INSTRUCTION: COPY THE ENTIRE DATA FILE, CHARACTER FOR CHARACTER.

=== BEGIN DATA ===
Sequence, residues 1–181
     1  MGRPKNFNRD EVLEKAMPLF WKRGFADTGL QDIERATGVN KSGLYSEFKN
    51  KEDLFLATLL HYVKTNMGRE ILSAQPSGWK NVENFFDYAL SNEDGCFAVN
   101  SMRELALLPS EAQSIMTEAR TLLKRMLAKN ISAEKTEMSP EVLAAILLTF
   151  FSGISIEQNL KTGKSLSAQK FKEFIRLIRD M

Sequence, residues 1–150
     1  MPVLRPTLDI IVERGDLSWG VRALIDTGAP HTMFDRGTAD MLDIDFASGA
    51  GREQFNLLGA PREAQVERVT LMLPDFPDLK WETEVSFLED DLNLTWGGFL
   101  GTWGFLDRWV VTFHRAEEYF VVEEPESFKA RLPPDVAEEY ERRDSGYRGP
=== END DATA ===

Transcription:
Sequence, residues 1–181
     1  MGRPKNFNRD EVLEKAMPLF WKRGFADTGL QDIERATGVN KSGLYSEFKN
    51  KEDLFLATLL HYVKTNMGRE ILSAQPSGWK NVENFFDYAL SNEDGCFAVN
   101  SMRELALLPS EAQSIMTEAR TLLKRMLAKN ISAEKTEMSP EVLAAILLTF
   151  FSGISIEQNL KTGKSLSAQK FKEFIRLIRD M

Sequence, residues 1–150
     1  MPVLRPTLDI IVERGDLSWG VRALIDTGAP HTMFDRGTAD MLDIDFASGA
    51  GREQFNLLGA PREAQVERVT LMLPDFPDLK WETEVSFLED DLNLTWGGFL
   101  GTWGFLDRWV VTFHRAEEYF VVEEPESFKA RLPPDVAEEY ERRDSGYRGP